Faw was impressed with the poignant ballad Enderlin had penned with another young writer, Brent Baxter. Faw introduced Enderlin to the late publisher Jeff Carlton, who was working at Hamstein Music at the time and getting ready to launch his own publishing company. “He actually took money out of his own pocket to go in and record five demos in the studio and one of them was ‘Monday Morning Church,’” Enderlin says. “He started pitching it ,and it was on hold for a couple different people for about a year. Ultimately he played it for Keith Stegall. Keith was out at lunch with Alan one day and said, ‘I’ve got one song I want to play for you when we get back to the office.’ Alan loved it and they cut it.”
Carlton signed Enderlin to his new publishing company, World House of Hits, and she was on her way. “I was lucky enough that happened when I was a senior in college and I got to go straight out of college and start writing full-time,” she says. “I got that cut. I got a Randy Travis cut and an RCA development deal right as I was graduating college, so I got to start doing music full-time, which is all I ever wanted to do. I got to go down and write every day, work in the studio and learn so much about writing and performance and all those things.”
The singer/songwriter spent nearly five years under contract with RCA, but never released an album. “I learned a whole lot and I got to go into the studio and record some songs which was really cool,” she says, “but I don’t think it was the right fit and I don’t think I was ready yet as an artist.”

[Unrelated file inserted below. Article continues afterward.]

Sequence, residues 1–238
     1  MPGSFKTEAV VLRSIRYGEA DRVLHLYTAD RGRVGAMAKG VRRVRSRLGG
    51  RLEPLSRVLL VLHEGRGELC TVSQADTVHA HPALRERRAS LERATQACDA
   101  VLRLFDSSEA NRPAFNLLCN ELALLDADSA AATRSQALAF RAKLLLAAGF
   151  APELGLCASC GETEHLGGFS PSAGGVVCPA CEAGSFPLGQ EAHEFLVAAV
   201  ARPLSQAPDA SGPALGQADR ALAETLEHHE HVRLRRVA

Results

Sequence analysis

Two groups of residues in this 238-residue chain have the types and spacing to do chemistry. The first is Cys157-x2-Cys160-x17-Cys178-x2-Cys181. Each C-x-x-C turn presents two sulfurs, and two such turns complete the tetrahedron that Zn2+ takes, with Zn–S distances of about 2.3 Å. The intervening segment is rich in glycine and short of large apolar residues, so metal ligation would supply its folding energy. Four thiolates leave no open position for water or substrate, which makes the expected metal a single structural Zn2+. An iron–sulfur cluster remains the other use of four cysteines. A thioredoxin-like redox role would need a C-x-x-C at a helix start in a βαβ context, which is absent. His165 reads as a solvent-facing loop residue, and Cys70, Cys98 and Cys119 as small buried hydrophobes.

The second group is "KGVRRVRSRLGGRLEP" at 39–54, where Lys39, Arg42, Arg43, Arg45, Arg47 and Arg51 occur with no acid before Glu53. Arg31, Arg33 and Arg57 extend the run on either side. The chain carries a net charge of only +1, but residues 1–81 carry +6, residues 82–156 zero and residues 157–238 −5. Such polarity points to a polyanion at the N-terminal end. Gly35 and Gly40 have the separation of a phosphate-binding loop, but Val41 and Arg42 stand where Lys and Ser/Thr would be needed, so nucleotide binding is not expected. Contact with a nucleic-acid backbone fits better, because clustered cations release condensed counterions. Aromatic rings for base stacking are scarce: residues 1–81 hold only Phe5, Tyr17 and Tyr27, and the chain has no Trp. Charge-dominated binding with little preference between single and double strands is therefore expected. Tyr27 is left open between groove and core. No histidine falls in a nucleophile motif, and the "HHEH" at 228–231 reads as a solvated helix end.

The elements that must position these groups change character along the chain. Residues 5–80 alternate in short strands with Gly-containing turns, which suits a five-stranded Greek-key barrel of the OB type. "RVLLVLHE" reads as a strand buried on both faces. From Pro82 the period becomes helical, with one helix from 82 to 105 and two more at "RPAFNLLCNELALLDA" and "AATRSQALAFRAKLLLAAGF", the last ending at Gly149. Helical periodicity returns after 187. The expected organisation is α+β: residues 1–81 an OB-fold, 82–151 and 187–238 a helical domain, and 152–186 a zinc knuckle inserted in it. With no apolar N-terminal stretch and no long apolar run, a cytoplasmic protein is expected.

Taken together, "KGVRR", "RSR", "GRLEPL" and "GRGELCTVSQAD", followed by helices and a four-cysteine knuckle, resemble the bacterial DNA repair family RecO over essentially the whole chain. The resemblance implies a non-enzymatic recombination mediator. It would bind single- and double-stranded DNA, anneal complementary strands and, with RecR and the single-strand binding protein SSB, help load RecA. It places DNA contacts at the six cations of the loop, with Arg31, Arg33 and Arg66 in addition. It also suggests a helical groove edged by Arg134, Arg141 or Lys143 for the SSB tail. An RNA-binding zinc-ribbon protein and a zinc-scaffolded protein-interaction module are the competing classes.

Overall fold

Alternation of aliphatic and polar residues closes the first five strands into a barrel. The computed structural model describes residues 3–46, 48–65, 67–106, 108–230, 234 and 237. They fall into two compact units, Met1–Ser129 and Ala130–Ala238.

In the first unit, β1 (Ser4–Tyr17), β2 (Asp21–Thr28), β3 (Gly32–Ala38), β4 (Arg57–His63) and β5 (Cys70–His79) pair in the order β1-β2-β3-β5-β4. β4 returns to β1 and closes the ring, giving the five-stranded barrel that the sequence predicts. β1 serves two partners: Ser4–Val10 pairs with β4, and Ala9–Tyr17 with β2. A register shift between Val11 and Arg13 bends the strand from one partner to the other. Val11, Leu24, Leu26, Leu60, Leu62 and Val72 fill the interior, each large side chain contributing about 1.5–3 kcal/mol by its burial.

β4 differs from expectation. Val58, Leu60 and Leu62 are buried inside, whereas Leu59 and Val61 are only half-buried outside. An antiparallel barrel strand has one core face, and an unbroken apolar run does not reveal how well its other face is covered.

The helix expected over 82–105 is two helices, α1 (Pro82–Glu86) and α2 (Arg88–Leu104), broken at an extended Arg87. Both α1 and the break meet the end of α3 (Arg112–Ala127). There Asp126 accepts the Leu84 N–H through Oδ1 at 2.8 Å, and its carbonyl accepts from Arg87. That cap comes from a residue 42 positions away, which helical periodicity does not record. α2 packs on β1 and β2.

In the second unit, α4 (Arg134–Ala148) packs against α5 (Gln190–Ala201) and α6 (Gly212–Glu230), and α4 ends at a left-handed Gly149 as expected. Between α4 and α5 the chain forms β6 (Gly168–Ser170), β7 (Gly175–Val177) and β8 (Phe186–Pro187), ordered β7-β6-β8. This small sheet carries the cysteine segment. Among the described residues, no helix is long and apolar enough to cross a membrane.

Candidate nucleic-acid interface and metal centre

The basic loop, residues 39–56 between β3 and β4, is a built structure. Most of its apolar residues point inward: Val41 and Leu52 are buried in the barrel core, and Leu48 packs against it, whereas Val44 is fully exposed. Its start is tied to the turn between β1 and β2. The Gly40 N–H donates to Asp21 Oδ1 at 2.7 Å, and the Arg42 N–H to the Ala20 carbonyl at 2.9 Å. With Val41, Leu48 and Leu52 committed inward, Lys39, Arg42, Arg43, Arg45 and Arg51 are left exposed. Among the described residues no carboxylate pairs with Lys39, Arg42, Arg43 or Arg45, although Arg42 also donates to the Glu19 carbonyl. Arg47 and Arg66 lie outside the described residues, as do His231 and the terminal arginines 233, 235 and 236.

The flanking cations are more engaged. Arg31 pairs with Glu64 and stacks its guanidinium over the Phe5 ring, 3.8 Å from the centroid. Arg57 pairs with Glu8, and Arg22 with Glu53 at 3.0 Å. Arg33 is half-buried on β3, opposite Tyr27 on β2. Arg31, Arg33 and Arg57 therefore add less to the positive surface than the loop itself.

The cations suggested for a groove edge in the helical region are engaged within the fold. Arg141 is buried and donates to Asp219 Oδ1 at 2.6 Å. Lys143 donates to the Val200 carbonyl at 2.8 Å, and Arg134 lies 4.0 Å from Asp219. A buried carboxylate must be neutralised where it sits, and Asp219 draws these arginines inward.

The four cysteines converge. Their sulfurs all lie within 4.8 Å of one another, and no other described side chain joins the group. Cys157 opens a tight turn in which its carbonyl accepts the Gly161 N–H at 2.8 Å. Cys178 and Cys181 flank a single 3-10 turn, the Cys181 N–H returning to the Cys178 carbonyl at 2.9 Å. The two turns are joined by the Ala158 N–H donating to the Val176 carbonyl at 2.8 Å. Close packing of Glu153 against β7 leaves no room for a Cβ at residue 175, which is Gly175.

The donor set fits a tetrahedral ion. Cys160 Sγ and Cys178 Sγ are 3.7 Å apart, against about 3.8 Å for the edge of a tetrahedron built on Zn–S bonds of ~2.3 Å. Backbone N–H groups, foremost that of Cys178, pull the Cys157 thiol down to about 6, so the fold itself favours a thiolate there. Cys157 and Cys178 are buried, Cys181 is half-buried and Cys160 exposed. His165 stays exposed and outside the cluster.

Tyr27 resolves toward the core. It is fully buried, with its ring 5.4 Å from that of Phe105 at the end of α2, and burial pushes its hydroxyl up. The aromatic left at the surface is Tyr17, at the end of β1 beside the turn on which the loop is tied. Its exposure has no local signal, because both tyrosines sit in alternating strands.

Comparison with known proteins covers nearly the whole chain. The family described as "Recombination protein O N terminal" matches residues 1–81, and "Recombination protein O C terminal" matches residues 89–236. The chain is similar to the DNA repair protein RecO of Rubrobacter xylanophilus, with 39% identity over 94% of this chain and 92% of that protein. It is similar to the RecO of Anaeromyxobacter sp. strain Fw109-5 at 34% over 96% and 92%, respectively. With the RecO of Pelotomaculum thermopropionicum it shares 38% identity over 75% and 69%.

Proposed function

She continued to write and perform, but during a lull in her career, Enderlin took a job as a hostess at the Grand Ole Opry. She says she was trying to figure out what she wanted to do next and the revered radio show helped her remember what first made her fall in love with country music. “I got a job being a hostess and it was so cool," she recalls. "I got to meet so many great people who have worked there since the ’70s who have great stories. I got see folks perform and see what made them unique as an artist and what made them connect with their fans in their own way. And I got to meet fans from all over the world that loved music... It helped me fall in love with music again, and not think about it too much, not worry about the pie charts of it.”